Tony Hayward, BP CEO, will never live these words down:
In an bullish interview with the Guardian at BP's crisis centre in Houston, Hayward insisted that the leaked oil and the estimated 400,000 gallons of dispersant that BP has pumped into the sea to try to tackle the slick should be put in context.
"The Gulf of Mexico is a very big ocean. The amount of volume of oil and dispersant we are putting into it is tiny in relation to the total water volume," he said.
Does he really think we're that stupid? Sure, the ratio of oil to water is low. But when that oil spreads out, creating a slick that covers thousands of square miles, and spreading across the Gulf Coast, what possible relevance does that have? By his logic, the Earth is tiny relative the solar system, so that must mean the oil leak is really, really tiny, right? And the tiny size of a few spores of anthrax must mean there's no cause for alarm if you get a dose of it, right? And isn't it great that the amount of material in a nuclear warhead is so small? There's nothing to worry about, right? Heck, why have they even bothered to close fishing in the Gulf? It's just a tiny spill. Why is everybody overreacting?
Hayward would love for us to forget about the fact that nobody really knows how big the damn leak is, except that it's bigger than we think. Dan Froomkin reports it could be ten times worse than current official estimates. And those estimates are five times bigger than BP's first estimate. But in Hayward's mind, even though the oil might be gushing at fifty times the rate his company originally claimed, it's still a "tiny" leak.
In the three weeks since the leak began, our initial focus has been on what we can see, but we're now finding out there may be a huge plume of oil lurking below the surface. Unfortunately, we're not learning that from officials supposedly responsible for containing and cleaning up the leak. Instead, we're learning it from independent researchers looking at what's going on below the surface.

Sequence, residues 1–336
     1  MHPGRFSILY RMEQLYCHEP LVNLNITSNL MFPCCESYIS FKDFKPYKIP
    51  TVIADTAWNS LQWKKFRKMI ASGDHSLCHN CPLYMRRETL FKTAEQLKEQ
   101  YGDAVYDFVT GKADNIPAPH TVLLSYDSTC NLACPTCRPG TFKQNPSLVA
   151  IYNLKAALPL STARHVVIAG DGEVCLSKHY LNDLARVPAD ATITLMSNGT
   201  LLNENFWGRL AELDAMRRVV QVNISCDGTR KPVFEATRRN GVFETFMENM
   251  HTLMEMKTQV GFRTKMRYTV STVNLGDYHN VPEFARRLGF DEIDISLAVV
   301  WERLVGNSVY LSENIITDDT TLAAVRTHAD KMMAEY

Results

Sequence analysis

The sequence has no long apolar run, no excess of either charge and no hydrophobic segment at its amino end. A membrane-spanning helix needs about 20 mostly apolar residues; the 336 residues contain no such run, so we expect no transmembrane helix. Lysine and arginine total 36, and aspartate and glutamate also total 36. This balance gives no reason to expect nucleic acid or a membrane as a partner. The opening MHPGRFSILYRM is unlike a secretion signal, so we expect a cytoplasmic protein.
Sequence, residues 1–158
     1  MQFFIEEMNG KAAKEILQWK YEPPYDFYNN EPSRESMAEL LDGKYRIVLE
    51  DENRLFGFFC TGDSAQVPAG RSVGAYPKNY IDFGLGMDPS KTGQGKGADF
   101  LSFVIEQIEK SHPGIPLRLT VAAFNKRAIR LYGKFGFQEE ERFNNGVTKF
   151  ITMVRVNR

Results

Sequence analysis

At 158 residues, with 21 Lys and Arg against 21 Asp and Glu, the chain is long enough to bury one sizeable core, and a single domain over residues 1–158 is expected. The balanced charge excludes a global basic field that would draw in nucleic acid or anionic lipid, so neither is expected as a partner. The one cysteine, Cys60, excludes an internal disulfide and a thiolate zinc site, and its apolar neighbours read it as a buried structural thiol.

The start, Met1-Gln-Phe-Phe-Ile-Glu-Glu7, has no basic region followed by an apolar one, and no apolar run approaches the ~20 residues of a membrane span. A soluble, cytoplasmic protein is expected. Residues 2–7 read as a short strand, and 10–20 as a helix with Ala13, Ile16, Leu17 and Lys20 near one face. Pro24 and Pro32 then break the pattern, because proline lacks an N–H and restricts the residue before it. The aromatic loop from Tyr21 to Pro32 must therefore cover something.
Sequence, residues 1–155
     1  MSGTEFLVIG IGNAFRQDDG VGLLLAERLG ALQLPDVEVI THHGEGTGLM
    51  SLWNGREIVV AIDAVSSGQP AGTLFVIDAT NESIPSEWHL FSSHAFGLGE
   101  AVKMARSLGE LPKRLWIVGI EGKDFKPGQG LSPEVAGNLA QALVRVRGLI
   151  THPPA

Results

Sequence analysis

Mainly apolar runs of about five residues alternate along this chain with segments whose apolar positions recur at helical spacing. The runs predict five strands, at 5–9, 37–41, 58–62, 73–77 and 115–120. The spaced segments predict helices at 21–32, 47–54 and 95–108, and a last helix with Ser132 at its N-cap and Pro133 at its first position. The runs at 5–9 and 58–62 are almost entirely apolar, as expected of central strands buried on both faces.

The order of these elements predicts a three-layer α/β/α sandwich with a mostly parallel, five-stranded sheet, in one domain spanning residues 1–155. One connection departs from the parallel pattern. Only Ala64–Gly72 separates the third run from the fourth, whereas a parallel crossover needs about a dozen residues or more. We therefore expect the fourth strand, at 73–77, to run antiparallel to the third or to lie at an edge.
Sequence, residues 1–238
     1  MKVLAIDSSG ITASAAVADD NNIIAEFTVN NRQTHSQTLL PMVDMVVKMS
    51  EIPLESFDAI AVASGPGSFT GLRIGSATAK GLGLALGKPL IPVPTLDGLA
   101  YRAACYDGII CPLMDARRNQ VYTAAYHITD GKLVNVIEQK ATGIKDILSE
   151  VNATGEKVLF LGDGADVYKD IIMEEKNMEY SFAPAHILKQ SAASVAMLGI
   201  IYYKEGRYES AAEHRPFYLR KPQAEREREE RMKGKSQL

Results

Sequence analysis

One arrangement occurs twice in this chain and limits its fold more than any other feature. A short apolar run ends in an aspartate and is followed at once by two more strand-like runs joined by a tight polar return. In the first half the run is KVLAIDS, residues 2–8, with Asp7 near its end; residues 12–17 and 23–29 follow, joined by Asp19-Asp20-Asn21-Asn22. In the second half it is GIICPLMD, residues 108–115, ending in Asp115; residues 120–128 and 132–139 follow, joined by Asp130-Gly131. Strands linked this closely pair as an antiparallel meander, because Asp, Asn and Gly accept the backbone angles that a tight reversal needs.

The plume lurking below the surface supports the view that the leak is much bigger than the 5,000 barrels per day currently being estimated. If it hasn't already, it's certain to become the largest oil spill in American history. The only question is how big it will ultimately be, but nobody has the answer to that.
Nonetheless, In the Guardian interview linked above, Hayward pledged that BP will restore things to exactly the way they were before the leak began flowing.
We will fix it. I guarantee it.
But he's got a caveat:
The only question is we do not know when.
That's a pretty fucking big caveat given, especially given BP's ongoing campaign to minimize the size of the leak. If you ever needed proof that we have no business drilling in the deep sea, Tony Hayward just provided it, right there in that quote.